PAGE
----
All four of these fixtures share an unusual double-bowl construction. The large glass outer bowl – produced by a family-owned, Indiana-based manufacturer – sports a lively “spirograph” pattern screen-printed on the glass. The glass itself is then heated in molds until it “slumps,” resulting in the graceful saucer shape.
For the inner bowl, you can choose etched glass (Luna and Gamma) or metal (Meteor and Foton). The choice will influence the type of light: etched glass will produce a diffuse semi-indirect light, while the decorative pinholes in the metal bowl create a subtle starlight effect. As for the metal finish, all four fixtures are available in Polished Chrome or Lacquered Brass.
Whichever design you choose, and wherever you choose to place them, just know that these new fixtures are conversation starters for sure – we can’t promise that they won’t steal the show at your next party!
For more stellar views of these fixtures make sure to check out our Flights of Fancy Pinterest board.
Porch lighting and accessories are near and dear to our hearts. Why? Because outdoor lighting, especially when combined with colorful shades, handsome entry door sets, and solid-brass mailboxes can be transformative – taking a ho-hum zone many of us just pass through and turning it into an inviting destination.
A pair of Amity fixtures flank the front door, while three Bandons provide overhead light
For older homes, we usually recommend sticking close the original architectural style. Because all of our fixtures are period authentic and organized into collections by era from 1860 to 1970, it’s easy to choose the lights that suit where you live. With fixtures and accessories that look like they’ve been there since the beginning, you help maintain the architectural integrity of your house and your neighborhood.
If your tastes are more eclectic or you live in a newer home, you still have lots of choices. Warehouse lights look good on nearly any style of architecture. Or try a sleek Mid-Century Modern fixture to perk things up. Our customization options – the ability to choose finish, length, and shade – allow you to create your own just-right lights.
Lights are just the beginning, though. Think of your home’s entry as another room, a place to exercise your design style and create a welcoming mood. Incorporate a flagpole holder to express your patriotism. Add a crystal doorknob for a little glamour. Set out a bench and small table to create an outdoor seating area. Doorbells, umbrella stands, flower pots, door knockers, mailboxes – they all contribute to the charm and utility of your porch.
To see how outdoor fixtures and accessories create a particular feel, visit our Pinterest boards: Curb Appeal – Warm (darker finishes that create a cozy, inviting, more traditional feel) and Curb Appeal – Bright (reflective finishes that create a fresh, open, more contemporary feel).
Justin Grow is one of our salvage buyers. Like many of our salvage folks, Justin’s eclectic background informs his work. He’s studied historic preservation. His father was a fine artist who loved restoration projects. His mother taught music and owned a frame shop. He grew up visiting antique stores with his parents and “playing” with salvage. Together all these experiences have helped him understand the mysterious connection between salvage objects and the people who find them. Here Justin recounts the story of a salvage transaction that took place in our Portland store.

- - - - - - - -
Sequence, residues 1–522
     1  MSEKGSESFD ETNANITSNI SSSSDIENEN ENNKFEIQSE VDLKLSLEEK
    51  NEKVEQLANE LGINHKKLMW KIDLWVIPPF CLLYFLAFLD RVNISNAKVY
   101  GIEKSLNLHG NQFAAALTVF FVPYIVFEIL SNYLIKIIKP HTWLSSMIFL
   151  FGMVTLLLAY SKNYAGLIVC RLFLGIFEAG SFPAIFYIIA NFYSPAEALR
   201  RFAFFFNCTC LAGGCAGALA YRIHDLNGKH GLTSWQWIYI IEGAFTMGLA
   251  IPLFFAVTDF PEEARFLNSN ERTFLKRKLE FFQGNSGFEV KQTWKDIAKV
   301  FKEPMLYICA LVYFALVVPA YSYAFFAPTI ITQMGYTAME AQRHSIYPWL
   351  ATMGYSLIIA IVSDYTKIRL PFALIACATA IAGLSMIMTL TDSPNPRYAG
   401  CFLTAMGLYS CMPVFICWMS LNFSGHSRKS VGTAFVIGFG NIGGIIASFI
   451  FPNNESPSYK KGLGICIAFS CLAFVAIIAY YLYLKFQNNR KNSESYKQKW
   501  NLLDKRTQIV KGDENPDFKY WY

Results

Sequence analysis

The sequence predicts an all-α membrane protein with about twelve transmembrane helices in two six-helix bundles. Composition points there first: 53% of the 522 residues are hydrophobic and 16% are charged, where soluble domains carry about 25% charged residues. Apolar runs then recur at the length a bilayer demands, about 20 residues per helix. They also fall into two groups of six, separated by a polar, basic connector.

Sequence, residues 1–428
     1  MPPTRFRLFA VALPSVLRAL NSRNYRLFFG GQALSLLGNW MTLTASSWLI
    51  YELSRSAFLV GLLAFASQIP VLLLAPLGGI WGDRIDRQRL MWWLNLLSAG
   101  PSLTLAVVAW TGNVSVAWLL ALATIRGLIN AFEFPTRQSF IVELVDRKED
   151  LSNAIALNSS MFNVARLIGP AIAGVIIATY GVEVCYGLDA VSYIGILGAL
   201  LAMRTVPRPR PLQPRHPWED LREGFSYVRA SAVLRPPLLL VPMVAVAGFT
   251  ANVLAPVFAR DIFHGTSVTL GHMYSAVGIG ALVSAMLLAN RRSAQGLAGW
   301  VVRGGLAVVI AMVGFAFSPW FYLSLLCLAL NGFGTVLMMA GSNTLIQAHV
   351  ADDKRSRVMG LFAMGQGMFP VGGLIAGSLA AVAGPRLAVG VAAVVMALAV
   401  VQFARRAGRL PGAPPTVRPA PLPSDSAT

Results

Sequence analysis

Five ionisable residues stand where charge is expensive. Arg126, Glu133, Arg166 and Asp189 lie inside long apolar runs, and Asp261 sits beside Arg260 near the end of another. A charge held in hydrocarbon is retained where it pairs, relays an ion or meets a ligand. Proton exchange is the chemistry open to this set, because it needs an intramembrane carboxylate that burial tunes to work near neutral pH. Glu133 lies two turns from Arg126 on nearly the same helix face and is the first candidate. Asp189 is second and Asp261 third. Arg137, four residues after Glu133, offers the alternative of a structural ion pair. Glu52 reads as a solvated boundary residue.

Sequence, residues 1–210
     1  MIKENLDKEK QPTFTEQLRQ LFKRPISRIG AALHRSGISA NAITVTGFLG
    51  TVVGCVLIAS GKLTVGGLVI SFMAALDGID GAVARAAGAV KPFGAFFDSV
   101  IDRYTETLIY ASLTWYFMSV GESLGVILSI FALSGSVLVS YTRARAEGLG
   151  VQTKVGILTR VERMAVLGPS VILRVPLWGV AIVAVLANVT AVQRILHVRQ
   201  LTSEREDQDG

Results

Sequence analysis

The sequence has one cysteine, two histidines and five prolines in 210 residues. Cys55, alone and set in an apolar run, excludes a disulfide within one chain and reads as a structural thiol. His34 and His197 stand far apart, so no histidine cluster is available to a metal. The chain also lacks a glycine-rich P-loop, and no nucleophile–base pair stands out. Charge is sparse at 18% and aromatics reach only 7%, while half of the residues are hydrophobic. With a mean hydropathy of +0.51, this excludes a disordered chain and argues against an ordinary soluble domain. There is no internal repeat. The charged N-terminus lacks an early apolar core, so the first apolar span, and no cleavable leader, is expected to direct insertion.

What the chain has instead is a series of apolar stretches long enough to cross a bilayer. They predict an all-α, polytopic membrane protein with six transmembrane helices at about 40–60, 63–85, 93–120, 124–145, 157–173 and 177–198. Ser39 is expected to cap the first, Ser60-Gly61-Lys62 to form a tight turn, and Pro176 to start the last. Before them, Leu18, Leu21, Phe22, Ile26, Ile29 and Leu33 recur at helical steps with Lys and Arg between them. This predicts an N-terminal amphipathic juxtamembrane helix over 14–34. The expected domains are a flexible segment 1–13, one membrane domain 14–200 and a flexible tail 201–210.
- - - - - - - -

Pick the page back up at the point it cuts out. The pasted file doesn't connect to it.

Recently, an antiques dealer came through our store on his was back to Albuquerque, New Mexico. He had a nice old sign – a vintage Mobile Pegasus – and after a bit of research, we agreed to purchase it. I brought it inside, and within 20 minutes I was approached by a gentleman named Jim who was shopping our salvage area.
Salvaged Mobile Pegasus sign awaits installation
It just so happens that Jim owns a building less than a mile from our Portland store, which he is currently renovating into a spiffy high-end auto restoration shop. Jim collects automotive memorabilia and, coincidentally, had been looking for this exact sign for some time. After some neighborly dickering, money exchanged hands and Jim became the proud owner of the Mobile Pegasus sign.
Though we only owned our Pegasus briefly, we did get attached, and we’re very happy he has found a worthy home.
Our new Deco Drum Shade is yet another piece of lighting history we felt just had to be saved. This oversized shade debuted in 1935 as “The Wonder Unit” so called because it reflected the technological advances in lighting at the time.
Admittedly, we love the name. But mainly we were intrigued and impressed by this shade’s scientific pedigree, based on a three-part construction: a large, opaque glass drum connected by a brass ring to an etched glass bottom lens. Originally the lens was tinted blue to balance the light emitted by warm incandescent bulbs – an early version of color correcting that created the effect of daylight. (In a slight departure, Rejuvenation’s version of the Deco Drum Shade substitutes uncolored etched glass for the blue lens.)
The shade’s “scientific” design also produced an ambient glow and even, diffused downlight. Functionally speaking, this quality of light was highly desirable for commercial applications, including offices, schools, and stores. (We like to think that more than one engagement ring may have been examined under a light such as this.)
In today’s environments, this oversized shade makes a bold decorative statement, particularly when used to replace a more expected chandelier. (Above, a pair of Hollywoods outfitted with Deco drums light up a large kitchen island.) And no need to be intimidated by its technical attributes – this shade is user-friendly. The brass lens ring (which comes in 13 hand-applied finishes) is removable, along with the lens, making it easy to change the bulb.
We’re always happy when we preserve the best from the past, and in this case, that means preserving the wonders of The Wonder Unit, whose features are just as exciting today as they were in the 1930s.